Woman who was 'never sick in her life' died after medics failed to spot signs of lethal condition

Woman Who Was 'Never Sick In Her Life' Died After Medics Failed To Spot Signs Of Lethal Condition
Deborah Duffy (50) died at Connolly Hospital Blanchardstown on February 4th, 2018 from a severe loss of blood due to an aortic dissection. Photo: Collins
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Seán McCárthaigh

A verdict of medical misadventure has been returned into the death of a woman from a life-threatening condition which was not picked up by medical staff at a Dublin hospital.

Deborah Duffy (50), a married mother of two from Delmere, Enfield, Co Meath, died at Connolly Hospital Blanchardstown on February 4th, 2018 from a severe loss of blood due to an aortic dissection – a condition where there is a tear in the body’s main artery.


The former childminder died less than 24 hours after being brought to the hospital by ambulance after complaining of severe chest pains.

Her husband, David Duffy, had told the coroner Cróna Gallagher that his wife had "never been sick a day in her life."

Evidence heard at Dublin District Coroner’s Court over a two-day inquest into Ms Duffy’s death which concluded on Tuesday revealed that the patient was only seen by junior doctors during her stay in the hospital and her condition was never reviewed by a registrar or consultant.

Test results

It also heard that test results showing “critical” levels of a protein in the blood which signifies damage to the heart, which were notified to a nurse, were not elevated further.


The coroner was also informed that no CT scan, which could have helped medical staff to diagnose aortic dissection, had been carried out on Ms Duffy.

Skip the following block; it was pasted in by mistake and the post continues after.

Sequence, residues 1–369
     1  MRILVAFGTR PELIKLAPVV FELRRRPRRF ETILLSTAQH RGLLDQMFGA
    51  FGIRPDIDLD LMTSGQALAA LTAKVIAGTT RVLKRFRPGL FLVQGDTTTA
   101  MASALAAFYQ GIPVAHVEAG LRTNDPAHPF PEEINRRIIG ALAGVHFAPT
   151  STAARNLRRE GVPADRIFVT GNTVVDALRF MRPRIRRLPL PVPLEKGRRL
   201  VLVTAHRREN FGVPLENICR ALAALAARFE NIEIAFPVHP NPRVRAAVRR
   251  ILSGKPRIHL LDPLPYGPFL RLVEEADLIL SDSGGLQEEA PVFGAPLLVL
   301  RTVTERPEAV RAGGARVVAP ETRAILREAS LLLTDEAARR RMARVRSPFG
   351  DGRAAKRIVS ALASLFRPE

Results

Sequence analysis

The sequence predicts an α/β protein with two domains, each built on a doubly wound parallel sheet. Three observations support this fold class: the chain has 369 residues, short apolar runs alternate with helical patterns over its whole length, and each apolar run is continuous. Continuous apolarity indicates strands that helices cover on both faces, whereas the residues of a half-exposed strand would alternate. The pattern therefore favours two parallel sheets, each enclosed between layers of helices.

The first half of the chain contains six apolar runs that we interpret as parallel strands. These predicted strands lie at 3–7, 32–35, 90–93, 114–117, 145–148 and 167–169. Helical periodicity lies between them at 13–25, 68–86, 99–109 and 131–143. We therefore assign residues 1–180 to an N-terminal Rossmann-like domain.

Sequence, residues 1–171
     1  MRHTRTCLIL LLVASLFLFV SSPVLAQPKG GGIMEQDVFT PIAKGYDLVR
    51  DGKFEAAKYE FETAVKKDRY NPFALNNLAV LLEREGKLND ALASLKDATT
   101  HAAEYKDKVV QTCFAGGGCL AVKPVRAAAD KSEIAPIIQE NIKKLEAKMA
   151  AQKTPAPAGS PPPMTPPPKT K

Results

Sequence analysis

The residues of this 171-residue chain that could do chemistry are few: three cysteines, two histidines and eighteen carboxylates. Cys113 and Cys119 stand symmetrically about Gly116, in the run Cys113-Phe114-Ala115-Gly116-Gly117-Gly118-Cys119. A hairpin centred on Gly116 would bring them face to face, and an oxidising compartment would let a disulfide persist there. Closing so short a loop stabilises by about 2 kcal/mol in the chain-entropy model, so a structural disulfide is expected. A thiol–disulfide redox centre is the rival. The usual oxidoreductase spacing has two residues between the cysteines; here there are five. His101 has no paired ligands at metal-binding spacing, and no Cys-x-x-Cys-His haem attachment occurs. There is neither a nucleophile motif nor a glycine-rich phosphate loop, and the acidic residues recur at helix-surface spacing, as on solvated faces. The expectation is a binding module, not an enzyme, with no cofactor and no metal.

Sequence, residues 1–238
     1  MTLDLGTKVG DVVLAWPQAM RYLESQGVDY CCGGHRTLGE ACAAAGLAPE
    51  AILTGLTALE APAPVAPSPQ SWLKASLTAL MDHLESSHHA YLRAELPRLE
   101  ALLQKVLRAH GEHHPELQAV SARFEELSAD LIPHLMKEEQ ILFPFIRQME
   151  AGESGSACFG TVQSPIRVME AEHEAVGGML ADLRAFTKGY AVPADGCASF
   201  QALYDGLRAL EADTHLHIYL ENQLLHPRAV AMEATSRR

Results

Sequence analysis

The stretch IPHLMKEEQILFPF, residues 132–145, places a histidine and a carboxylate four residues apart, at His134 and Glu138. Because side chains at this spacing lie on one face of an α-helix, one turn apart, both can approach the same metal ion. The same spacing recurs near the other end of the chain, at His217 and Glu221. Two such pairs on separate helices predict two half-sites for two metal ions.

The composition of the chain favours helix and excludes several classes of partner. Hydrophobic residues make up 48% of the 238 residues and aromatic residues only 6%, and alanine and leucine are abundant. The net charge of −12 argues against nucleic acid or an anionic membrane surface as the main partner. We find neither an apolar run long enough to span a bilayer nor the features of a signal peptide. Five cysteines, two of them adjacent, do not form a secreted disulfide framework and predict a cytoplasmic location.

The inquest heard that medical staff had focused on a blood clot on the lung as being the likely cause of the pain being felt by the patient.

In a closing submission, counsel for Ms Duffy’s family, Sara Antoniotti SC, said hospital staff had not properly investigated a murmur in Ms Duffy’s heart and her severe chest pains which were classic symptoms of aortic dissection.

Ms Antoniotti said it was also unclear when a CT scan which was recommended by a junior doctor would have been carried out as Ms Duffy had been admitted on a Saturday.


Deborah Duffy's husband, David. 'I generally hope that things will improve with the HSE as I don’t want this to happen to someone else,' he said. Photo: Gareth Chaney/Collins

She said there were also assessments conducted on the patient which showed that a blood clot was an unlikely cause of her condition.

In addition, Ms Antoniotti said the patient had been prescribed a blood thinner which, given the wrong diagnosis, would have exacerbated her situation.

She also noted that “nothing appears to have happened” after a nurse, Liz Kelly, received the critical test results.


Ms Antoniotti observed that Ms Kelly, who was unavailable to give evidence to the inquest, had made no reference to receiving the results in a deposition provided to the coroner.

“Ms Duffy was not examined by any doctor more senior than a senior house officer with six months' experience as a SHO,” she remarked.